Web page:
I want my husband to love his job. I want him to enjoy the people at work. But I want our marriage, and our family, to win.

(I also posted this tonight for my med school wife friends over at this site):


  1. YAY! Welcome Camille! I have some of these same insecurities stemming from past experiences with not-so-trustworthy men, and I tend to be a little Stepford wifish myself sometimes to over-compensate. Really these issues are mine and have nothing to do with Ben or any hot nurse, but of course, I project them onto him. Ben and I have been married for 7 years now, and I have always been able to trust him completely because I know he is a loyal and honest man, and he puts the Lord first, even above me. I like what you said about your marriage having an enemy, and it isn't a nurse. I think if our marriages are partnerships with each other and the Lord, we will be much more likely to "win," no matter what obstacles or hot nurses that come into our lives.

    Welcome again! See you soon, I hope!

  2. "I want my husband to love his job. I want him to enjoy the people at work. But I want our marriage, and our family, to win."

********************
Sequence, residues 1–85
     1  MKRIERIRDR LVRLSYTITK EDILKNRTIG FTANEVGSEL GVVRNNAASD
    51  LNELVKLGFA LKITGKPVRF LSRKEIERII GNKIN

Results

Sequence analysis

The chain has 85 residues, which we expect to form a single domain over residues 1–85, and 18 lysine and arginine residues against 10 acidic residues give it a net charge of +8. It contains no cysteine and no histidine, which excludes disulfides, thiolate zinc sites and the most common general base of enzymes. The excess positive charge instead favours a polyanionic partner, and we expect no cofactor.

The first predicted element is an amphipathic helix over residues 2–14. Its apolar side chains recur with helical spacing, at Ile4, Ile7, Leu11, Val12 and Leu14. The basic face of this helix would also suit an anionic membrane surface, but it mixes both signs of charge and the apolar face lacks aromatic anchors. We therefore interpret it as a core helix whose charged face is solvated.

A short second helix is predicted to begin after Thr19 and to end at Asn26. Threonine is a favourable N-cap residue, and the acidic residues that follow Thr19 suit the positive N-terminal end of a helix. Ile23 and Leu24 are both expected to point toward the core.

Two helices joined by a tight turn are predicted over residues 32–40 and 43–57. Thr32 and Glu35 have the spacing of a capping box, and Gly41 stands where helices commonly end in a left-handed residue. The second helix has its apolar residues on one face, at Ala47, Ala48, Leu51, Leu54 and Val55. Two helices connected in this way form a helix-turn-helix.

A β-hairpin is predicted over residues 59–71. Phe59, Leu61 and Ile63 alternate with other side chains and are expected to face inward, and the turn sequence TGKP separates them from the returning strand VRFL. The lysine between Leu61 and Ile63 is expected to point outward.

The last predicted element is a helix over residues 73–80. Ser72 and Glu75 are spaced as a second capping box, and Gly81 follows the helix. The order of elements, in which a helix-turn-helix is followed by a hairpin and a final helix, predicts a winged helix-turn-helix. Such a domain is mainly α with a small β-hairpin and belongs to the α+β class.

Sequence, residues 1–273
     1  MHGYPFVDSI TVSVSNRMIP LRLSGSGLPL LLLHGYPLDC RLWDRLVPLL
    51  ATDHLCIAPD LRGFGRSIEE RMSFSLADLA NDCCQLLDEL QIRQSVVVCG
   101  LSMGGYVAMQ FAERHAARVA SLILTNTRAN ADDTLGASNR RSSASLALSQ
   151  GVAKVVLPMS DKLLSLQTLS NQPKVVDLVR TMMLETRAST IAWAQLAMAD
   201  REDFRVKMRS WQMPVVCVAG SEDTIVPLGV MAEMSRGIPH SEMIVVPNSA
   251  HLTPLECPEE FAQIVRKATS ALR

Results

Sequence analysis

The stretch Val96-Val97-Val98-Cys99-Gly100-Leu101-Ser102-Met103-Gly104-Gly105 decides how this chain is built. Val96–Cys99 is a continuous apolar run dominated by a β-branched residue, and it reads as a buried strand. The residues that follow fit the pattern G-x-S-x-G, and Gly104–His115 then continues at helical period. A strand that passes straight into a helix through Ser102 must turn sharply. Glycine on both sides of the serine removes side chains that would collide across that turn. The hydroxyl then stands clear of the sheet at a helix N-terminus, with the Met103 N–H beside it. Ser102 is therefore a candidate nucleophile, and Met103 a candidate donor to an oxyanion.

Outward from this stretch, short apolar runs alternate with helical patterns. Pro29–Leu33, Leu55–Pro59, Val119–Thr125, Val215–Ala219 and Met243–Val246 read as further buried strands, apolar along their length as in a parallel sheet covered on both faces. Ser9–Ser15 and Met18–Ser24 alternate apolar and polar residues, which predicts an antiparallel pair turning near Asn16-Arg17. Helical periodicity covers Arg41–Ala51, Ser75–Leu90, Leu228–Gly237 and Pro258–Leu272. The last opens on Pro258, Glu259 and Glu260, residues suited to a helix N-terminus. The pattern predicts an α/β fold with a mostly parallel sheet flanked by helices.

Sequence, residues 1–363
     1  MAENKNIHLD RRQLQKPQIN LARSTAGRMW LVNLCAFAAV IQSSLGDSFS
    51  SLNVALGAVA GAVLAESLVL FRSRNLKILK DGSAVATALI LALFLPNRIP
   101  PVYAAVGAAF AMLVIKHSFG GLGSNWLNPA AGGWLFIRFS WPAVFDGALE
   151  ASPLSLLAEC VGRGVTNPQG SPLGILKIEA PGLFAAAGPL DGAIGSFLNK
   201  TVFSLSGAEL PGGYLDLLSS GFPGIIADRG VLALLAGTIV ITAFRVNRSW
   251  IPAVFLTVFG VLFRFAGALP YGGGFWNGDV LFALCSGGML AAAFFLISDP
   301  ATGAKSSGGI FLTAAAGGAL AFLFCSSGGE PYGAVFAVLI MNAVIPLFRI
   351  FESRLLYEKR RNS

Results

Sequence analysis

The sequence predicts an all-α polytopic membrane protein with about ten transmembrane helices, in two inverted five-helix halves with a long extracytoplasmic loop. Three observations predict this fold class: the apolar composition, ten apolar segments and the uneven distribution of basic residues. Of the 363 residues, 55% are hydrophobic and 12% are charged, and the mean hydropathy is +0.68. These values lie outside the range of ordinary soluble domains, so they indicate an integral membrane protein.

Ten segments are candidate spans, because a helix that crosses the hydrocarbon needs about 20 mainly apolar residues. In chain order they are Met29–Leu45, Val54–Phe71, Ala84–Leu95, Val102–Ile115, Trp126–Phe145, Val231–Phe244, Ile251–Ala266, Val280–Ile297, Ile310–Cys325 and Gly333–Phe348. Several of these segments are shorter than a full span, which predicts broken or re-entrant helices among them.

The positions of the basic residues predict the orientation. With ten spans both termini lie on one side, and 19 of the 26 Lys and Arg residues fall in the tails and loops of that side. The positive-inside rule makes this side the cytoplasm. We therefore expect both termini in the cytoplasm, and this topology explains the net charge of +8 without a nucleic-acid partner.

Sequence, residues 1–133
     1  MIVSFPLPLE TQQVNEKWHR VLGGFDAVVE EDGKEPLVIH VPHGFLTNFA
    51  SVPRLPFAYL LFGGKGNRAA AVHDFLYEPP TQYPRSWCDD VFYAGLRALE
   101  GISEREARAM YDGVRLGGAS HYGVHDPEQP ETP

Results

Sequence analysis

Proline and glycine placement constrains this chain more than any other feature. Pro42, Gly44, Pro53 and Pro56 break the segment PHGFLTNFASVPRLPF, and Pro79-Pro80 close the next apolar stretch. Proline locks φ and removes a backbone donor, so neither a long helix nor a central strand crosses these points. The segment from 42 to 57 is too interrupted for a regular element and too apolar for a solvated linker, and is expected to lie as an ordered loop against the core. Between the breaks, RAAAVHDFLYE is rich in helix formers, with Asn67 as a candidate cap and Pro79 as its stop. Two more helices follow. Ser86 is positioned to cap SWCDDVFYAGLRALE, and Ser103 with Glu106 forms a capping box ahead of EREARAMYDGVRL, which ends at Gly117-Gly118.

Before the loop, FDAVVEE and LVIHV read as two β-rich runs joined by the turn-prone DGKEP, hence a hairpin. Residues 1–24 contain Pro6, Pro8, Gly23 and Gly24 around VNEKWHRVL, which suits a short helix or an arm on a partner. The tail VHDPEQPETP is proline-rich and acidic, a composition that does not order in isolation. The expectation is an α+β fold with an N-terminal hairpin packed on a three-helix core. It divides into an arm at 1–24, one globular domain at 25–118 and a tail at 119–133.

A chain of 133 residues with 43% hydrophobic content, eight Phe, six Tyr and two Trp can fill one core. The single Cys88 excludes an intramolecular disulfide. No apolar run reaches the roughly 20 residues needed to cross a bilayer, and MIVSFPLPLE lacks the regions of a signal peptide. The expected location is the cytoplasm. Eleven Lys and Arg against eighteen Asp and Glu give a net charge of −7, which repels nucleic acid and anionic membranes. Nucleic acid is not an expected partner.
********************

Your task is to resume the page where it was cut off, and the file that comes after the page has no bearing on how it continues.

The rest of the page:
Yes ma'am! I agree 100% I hear so many people argue about how a doctor should put his patients before his own family, I just want to scream! Lawyers don't put their clients first, contractors don't care about their crews, and teachers don't love their students more than their own kids. Doctors are real people with real lives outside their workplace, just like at any other job.

    "Our marriage does have a real enemy (and it ain't a nurse)"

    Just to add my two cents on that issue--it doesn't matter what your husband does, or what you look like, even if you make yummy cookies, if he is going to cheat, it is because of something wrong with HIM, not you. I mean come on, even Sandra Bullock got cheated on.

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  4. Welcome Camille! So many, many truths...

    Ok, I was recently told by the [real] doc wives org women that if we didn't have regular date nights each week during residency our marriage would crash and burn.
    Perhaps so, but I still don't have an extra $40 just to pay the babysitter, much less additional money for a date. fantastic.

    Ladies, ladies! Don't be hatin' on the cookies, yo! Internship year was the worst for us. I felt like an outsider. He felt totally disconnected with the family. It was misery.
    I started a tradition with our 3 children of baking cookies on every call night and delivering them to him at the hospital with the kids. He loves it, the kids love it, and the nurses (he shares) love it so much they baked me a cookie cake and sent it home with him.

    Back before I found a way connect with him and his career, he was getting asked out by nurses and whatnot. Not anymore, thank goodness.